Kelvin Reilly (St Loman's, Mullingar) in action against Conor Coughlan (The Downs).

Gerry Buckley: Cup possession is nine-tenths of the law

The Gerry Buckley Column

Athlone (20 titles) and Mullingar Shamrocks (13) comfortably top the Westmeath senior football roll of honour, but one of the four sides which have nine wins will have reached the magical double-figure mark come 5.30pm next Sunday (assuming there is no need for a replay).

The long-defunct Riverstown Emmets will forever be stuck on nine, and this year’s relegated side, Rosemount, will be until at least 2024. But either The Downs or St Loman’s, Mullingar (previously devoid of ‘Mullingar’, and in bygone days known as Mental Hospital) will be celebrating a tenth win in the blue riband of Lake County football when Keith O’Brien calls a halt to the eagerly-awaited proceedings in TEG Cusack Park.

Of course, the Mullingar Blues have won half a dozen of their haul in the past decade, a fabulous achievement by any standards. Ironically, The Downs also accumulated six titles in their glory period from 1968 to 1980.

These stats will have no bearing whatsoever on next Sunday’s proceedings. Likewise, Lar Wall’s charges 12-point win against an understrength St Loman’s in the round robin series, albeit in hindsight a similar surprise win by Fr Dalton’s over Delvin in the senior ‘B’ hurling preliminaries may have helped to fashion the big shock in the Mickey Power Cup decider last Saturday. Winning games never does a team the slightest bit of harm!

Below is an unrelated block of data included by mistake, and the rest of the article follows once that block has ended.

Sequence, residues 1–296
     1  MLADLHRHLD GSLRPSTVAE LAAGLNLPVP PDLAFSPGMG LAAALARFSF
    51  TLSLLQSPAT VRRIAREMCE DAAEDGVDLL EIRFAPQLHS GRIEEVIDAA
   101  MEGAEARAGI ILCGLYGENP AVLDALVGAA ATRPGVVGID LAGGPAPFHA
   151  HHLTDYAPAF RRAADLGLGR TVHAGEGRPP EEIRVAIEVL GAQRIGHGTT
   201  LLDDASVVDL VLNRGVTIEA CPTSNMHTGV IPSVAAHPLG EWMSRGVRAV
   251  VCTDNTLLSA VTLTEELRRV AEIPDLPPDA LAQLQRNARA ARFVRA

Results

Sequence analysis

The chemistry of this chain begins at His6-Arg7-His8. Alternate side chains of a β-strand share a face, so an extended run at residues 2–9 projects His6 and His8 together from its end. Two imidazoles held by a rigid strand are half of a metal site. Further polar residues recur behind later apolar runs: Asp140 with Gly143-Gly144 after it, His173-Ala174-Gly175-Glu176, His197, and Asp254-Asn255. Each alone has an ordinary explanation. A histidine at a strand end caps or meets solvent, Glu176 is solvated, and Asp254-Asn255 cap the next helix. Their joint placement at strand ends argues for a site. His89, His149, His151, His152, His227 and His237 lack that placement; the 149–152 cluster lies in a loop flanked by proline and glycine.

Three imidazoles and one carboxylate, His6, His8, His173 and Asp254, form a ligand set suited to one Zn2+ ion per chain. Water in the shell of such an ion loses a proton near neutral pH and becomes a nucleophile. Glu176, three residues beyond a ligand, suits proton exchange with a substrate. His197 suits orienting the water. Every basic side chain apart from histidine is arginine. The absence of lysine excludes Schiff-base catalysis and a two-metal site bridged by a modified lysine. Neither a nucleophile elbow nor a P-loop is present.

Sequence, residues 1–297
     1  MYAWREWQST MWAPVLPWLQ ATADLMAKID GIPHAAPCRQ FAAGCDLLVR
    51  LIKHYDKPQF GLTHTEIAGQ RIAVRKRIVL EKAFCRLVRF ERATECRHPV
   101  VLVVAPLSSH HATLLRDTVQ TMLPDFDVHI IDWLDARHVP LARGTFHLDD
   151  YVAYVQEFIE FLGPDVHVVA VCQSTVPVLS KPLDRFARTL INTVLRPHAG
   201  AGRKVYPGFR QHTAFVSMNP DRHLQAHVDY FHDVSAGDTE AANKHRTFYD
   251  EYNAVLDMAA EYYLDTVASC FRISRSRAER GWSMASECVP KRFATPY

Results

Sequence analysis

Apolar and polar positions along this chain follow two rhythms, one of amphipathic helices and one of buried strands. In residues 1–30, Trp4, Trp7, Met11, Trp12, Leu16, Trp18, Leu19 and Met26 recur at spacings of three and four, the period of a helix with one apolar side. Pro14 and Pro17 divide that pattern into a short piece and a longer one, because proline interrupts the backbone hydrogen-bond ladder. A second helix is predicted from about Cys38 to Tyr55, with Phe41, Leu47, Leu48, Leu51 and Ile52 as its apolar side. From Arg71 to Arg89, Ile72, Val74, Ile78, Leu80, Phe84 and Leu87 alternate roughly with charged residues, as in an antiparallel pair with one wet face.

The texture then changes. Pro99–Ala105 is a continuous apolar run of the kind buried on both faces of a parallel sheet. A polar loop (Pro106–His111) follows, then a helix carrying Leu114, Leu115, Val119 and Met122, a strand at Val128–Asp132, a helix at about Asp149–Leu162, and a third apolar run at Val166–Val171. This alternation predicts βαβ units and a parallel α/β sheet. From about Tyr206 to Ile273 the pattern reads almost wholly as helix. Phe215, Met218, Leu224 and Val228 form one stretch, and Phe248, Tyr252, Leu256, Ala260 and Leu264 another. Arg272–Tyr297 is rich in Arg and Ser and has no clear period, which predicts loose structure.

Overall, I suspect that many of the clairvoyant Gaels among us would have plumped for next Sunday’s participants as the two likely finalists before a ball was kicked in anger in the race for the Flanagan Cup.

And how sad it is that, regardless of whether his beloved St Loman’s win again on Sunday, the man who donated the cup as Westmeath GAA County Board secretary back in 1963, the late, great Paddy Flanagan will not be with us this year for the first time to oversee the cup presentation.

Paddy was always the essence of fairness and he will have no problem congratulating The Downs from afar if they bridge a 17-year gap on Sunday. Can they do so? Most certainly, but it will take a massive effort to dethrone the Delvin Road outfit, despite Declan Kelly’s charges having never really hit top gear for a full hour to date in the campaign.

As we all know, matches which need to be negotiated en route to reaching a decider are exactly what they say on the tin i.e. get them out of the way and just perform in the white heat of a county final. In this regard, there is no better outfit in the Lake County than St Loman’s, Mullingar, with county titles under the tutelage of Declan Rowley, Luke Dempsey and the aforementioned Kelly coming thick and fast over the last remarkable decade. All are proven managers.